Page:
The cutter unit 4 has a rotational cutter 39, a fixed cutter 40 and a sensor 38 for detecting the paper 7. The cutter unit 4 is fixed on the side plates 31 and 31'. The paper 7 fed between the rotational cutter 39 and the fixed cutter 40 is cut by the rotational cutter 39. The rotational position of the rotational cutter 39 is detected by the sensor 97 (shown in FIG. 9) so that the rotational cutter 39 is stopped at a constant position.

It is advisable that the sensor 36, the ink sensor 37, the sensor 38 and the sensor 97 be noncontacting type detectors, such as light reflection type detectors or sonic type detectors. But, contacting type detectors, such as limit switches, may be used.

The head unit 3 has a thermal head 8 at the left end of a head arm 41 and a shaft 42 at the right end thereof. The head unit 3 is pivoted on the axis of the shaft 42 and moved upward. The shaft 42 is attached to the side plates 31 and 31'. A coil spring 43 is arranged at the right end of the head arm 41 so that the raised head unit 3 is held at the raised position thereof. The rotational moment of the force of the coil spring 43 balances the rotational moment of gravity on the head unit 3 on the axis of shaft 42. The head unit 3 can be raised, as shown in FIG. 3, continuing to a position where the head arm is arranged vertically (φ=about 90 degrees).

The thermal head 8 has a heating resistance element 8a and a head block 8b, a longitudinal central position of which is rotatably supported by a shaft 46. As shown in FIG. 4, the shaft 46 is attached squarely to a head attaching plate 47 which is arranged parallel to the longitudinal direction of the thermal head 8 (Y direction) and which is fixed on a head positioning shaft 50. The head positioning shaft 50 is rotatably attached to the head arms 41 and 41'. A cooling fin 48 is arranged on the head block 8b and moves with the thermal head 8. Therefore, the thermal head is rotatable about the axis of the shaft 46 and about the axis of the head positioning shaft 50. FIG. 5 shows another embodiment of the thermal head 8' having a smaller size in comparison with the thermal head shown in FIG. 4. The thermal head 8' shown in FIG. 5 has concavities at both ends thereof in which the cooling fins 48a and 48b are received. The means for supporting the thermal head 8 shown in FIG. 5 is similar to the means for supporting the thermal head 8 shown in FIG. 4. Cooling air from the cooling fan 11 passes over the cooling fins 48 so that the thermal head is cooled.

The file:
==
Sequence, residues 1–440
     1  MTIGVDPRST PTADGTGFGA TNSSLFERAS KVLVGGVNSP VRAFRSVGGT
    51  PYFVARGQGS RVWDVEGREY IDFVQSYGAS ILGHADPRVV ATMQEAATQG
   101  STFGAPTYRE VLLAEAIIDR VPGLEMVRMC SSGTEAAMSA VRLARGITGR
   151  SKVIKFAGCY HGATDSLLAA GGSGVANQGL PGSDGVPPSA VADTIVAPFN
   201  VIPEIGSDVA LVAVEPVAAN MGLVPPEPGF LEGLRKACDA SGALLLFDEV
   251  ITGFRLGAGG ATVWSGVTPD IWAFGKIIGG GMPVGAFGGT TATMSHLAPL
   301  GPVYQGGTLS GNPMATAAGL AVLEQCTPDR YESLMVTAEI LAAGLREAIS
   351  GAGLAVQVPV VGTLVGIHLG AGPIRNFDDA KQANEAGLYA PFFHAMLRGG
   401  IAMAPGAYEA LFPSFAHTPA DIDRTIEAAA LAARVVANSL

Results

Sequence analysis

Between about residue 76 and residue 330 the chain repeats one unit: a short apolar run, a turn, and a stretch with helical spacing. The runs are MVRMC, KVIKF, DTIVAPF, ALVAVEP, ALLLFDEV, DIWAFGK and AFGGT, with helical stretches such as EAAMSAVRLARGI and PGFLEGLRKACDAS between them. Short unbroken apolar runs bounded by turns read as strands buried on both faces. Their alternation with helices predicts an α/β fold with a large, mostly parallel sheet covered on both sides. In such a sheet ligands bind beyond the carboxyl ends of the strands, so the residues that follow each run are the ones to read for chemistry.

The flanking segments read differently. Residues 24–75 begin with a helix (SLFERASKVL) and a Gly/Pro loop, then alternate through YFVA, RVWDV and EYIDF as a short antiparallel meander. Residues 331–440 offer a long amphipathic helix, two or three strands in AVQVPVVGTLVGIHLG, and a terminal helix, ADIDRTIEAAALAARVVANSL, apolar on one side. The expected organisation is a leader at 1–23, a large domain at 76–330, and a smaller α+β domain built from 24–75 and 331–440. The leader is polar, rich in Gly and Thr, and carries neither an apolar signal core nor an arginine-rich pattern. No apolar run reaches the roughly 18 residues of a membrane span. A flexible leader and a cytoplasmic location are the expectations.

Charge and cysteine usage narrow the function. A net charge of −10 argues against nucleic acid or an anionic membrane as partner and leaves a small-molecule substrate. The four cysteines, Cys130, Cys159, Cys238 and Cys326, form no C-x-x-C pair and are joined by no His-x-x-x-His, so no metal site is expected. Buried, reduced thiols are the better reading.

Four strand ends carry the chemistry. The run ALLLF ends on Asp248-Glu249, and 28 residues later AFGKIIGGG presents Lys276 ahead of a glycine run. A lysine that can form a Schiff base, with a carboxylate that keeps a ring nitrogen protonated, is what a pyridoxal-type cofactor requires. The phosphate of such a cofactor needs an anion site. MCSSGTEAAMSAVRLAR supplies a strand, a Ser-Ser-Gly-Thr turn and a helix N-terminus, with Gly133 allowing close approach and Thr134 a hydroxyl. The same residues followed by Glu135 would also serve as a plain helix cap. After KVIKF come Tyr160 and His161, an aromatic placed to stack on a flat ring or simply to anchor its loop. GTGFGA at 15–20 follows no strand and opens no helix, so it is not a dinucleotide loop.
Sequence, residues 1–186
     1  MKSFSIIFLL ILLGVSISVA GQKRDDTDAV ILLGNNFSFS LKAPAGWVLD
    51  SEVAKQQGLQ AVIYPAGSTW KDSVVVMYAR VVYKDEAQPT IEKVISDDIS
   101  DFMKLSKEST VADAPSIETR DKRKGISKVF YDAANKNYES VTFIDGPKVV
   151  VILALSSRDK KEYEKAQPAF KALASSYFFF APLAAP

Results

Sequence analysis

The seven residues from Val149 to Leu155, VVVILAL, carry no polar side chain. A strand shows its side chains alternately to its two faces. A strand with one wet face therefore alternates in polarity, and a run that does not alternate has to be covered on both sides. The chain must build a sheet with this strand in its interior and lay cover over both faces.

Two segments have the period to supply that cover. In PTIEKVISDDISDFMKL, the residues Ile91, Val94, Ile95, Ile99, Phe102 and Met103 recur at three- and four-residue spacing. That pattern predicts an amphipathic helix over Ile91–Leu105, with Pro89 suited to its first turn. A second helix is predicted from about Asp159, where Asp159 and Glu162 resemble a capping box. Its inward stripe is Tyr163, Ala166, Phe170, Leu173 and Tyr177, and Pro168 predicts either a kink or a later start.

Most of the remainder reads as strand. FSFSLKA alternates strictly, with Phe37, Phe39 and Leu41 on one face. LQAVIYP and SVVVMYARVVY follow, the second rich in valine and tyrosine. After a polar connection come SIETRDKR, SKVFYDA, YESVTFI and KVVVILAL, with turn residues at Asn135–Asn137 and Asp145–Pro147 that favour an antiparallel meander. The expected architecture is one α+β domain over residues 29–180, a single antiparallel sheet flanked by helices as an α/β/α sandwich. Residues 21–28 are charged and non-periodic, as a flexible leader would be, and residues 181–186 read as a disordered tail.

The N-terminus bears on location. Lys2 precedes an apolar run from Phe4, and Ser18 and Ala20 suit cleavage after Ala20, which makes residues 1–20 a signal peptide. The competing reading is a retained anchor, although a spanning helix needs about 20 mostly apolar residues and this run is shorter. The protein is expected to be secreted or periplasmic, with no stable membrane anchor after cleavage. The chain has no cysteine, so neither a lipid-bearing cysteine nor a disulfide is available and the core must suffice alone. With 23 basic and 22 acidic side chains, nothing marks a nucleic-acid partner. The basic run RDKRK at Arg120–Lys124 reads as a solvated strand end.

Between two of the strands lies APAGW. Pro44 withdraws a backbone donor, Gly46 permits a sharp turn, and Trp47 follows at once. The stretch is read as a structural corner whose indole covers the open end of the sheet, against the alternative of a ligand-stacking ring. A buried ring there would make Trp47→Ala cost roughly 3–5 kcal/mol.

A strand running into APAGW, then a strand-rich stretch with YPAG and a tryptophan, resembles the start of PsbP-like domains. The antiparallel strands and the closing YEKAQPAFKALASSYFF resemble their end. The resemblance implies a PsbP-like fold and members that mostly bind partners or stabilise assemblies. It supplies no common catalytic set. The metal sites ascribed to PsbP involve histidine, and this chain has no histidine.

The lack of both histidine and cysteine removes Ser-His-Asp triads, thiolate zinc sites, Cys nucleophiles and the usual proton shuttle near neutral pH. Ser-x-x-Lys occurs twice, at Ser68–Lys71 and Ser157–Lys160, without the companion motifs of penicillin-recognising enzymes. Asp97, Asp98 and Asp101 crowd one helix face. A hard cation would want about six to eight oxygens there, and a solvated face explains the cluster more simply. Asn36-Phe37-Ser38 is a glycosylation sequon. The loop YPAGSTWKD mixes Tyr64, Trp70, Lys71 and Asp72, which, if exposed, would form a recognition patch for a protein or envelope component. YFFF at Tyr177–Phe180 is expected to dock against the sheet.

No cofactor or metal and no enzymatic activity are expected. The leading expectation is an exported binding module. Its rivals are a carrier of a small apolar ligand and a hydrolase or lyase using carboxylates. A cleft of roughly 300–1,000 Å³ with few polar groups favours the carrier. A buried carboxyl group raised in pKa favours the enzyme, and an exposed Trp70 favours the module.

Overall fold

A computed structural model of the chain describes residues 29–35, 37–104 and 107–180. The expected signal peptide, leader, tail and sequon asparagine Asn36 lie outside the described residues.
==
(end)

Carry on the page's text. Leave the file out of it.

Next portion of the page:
A rotatable front separating roller 55 and a rotatable back separating roller 56 are arranged under the thermal head 8. The thermal head 8 is pressed against the platen roller 9 by a coil spring 44. The spring 44 is mounted between an upper surface of the head block 8b and a lower surface of a head top plate 51 and is guided by a shaft 49 inserted through the spring 44. The head unit 3 is arranged at an end of the head arm 41, at the opposite end of which the head arm is pivotably supported by a pin 42. The head arm 41 has a pin 45 at a middle portion thereof. The pin 45 is guided in a groove 20 of the cam 18 and is moved in accordance with the rotation of the cam 18 so that the head arm 41 swings. The movement of the pin 45 drives the head arm 41 and the head top plate 51 vertically so that the force of the spring 44 presses the thermal head 8 against the platen roller 9.

The printing between the ink-sheet 6 and the paper 7 is effected at the circumferential surface of the platen roller 9 by the thermal head 8. For high-quality of printing, it is necessary to arrange the heating resistance element 8a of the thermal head 8 in the center of the contacting width (nip width) between the thermal head and the platen roller. Therefore, the head positioning shaft 50, attached to the head arm 41, is guided closely by a U-shaped groove 21 and 21' arranged at upper ends of the roller chassis 29 and 29'.